Tuesday, February 01, 2011

Maha-Men in our Epics. Part II

Another ex: "Sita..or Not-to-Sita" by Ram



This is from the other great Epic, Ramayana.. which basically talks about SriRam (yes, only one 'Sri') and his life, battles & marital struggles...and most of all his sense of insecurity as a person.


Sita weds Ram in a Swayamvar .. for her it was love at first sight. Shortly after, back in Ram's kingdom Ayodhya, his stepmom, Kaikeyi schemes to send Ram into the jungle for 14 years. Ram obeys his dad's order & packs up his trekking gear. Sita, who i presume had been reading too many 'Go Vegan'.. 'The Natural way' and the likes, puts her dainty pedicured foot down to take her along. They are joined by Ram's half-bro Lakshman (who incidently, did not take his wife along..but instructed her to take care of his old parents than slurping on a 'Carribean Cocktail' in the jungle resort with him).



Many think that it was Sita's fascination with beautiful things which paved the way for the great battle of Lanka. I think not. It was Ram's lack of common courtesy which started it all. Ravana's (the demon king of island Lanka) sister had the hots for Ram. She asked him nicely  Ram ridiculed her. Well, he could have left it at that..but he instructed Lakshmana to cut her nose & ears out as well.. Ok!! this kinda mutilation shouldn't go unanswered ..should it? Ram had it coming... (though he get bonus marks for saying 'No' to a one-night stand with Surpanaka). Snubbing the babe is scorn-worthy enough, why throw in an unrequited cosmetic surgery??

Ravana made Mareechan transform into a golden deer & prance around Sita.. Bored with the old copies of 'Cosmopolitan', she wanted the deer to play with and asks Ram to get it for her. Off went Ram (anything to stop the nagging!) trailing the deer.. Dinner time..Sita worried herself sick that the Soup would go cold and asks Lakshman to go fetch Ram. Off he went as well. The coast being clear of deer-chasers, Ravana makes his entry and carries off Sita to Lanka..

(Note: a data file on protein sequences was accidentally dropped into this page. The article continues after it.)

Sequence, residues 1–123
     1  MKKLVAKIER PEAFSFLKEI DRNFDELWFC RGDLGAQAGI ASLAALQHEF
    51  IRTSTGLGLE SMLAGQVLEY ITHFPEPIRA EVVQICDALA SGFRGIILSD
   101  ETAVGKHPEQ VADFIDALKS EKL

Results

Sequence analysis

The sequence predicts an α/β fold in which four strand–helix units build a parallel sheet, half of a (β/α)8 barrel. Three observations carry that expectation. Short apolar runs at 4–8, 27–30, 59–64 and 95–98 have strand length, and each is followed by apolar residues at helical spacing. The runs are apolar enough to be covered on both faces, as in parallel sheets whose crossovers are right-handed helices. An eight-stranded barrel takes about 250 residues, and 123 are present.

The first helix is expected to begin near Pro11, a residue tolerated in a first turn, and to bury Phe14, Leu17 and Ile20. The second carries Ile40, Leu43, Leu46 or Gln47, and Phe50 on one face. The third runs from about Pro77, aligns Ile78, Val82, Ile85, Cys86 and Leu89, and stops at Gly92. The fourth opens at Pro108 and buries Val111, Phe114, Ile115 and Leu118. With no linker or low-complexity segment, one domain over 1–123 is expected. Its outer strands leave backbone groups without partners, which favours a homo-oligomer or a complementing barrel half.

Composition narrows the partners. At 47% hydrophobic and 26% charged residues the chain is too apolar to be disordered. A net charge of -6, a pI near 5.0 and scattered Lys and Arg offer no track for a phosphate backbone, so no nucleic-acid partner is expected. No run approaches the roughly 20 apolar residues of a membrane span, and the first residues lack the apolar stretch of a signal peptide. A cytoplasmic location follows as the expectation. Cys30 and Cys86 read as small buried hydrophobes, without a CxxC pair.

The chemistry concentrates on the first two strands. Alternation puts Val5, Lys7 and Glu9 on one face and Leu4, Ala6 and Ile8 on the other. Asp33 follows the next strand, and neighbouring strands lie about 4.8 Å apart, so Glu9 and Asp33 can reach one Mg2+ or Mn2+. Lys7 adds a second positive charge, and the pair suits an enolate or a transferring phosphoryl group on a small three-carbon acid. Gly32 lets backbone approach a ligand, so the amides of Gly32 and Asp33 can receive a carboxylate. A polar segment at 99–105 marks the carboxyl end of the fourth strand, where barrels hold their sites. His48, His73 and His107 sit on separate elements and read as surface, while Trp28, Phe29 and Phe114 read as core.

Go to www.sitasingstheblues.com for Sita's view on Ramayana
 Now starts the part that irks me. Ram gathers together a battalion of Monkey-men, builds a bridge to the island Lanka kingdom, beats Raavan black and blue and then.. and then..throws a tantrum saying he cant take Sita back. So why the hell did he do all this naatak for, one may ask. And the answer is "Ego". How can an Indian male take it lying down when a random guy runs off with your wife? You do the socially accepted thing.. i.e. track the bugger down, stop just short of murdering him and then dump her. Makes perfect sense, doesn't it. Nobody gets the better of you..mind it!!


Sita musters up a plan to prove her innocence & chastity. Ram is convinced (for now), re-instate her position as his wife and all of them pack their bags to head back to Ayodhya to claim the rightful place as King & Queen..as Papa dear is no longer warming the throne. Things go hunky-dory for some time until Ram gets provoked by a comment made by a washerman regarding Sita's chastity. 'The King should be blemish-less' and off goes the now-pregnant Sita outta the palace again. Ram this time delegates the dirty work to Lakshmana..and like a kitten litter being dumped, Sita is taken away from the metropolis to the forest and left to fend for herself with some old-as-wood ascetics to keep her company.


Their story, their marriage..fine. No problem of mine.. But SriRam being touted as the 'ideal man' ?? Heck no!! What he wanted Sita for...was to fill up a position - the would-be prince should wed, the King should have an heir...there were a list of 'should be' attached to his own social standing he had to perform. His marriage to Sita was one such pre-requisite. Even this is acceptable..if only he could have been a bit more secure as a person and trust that his wife will not leap on the next available man in his absence.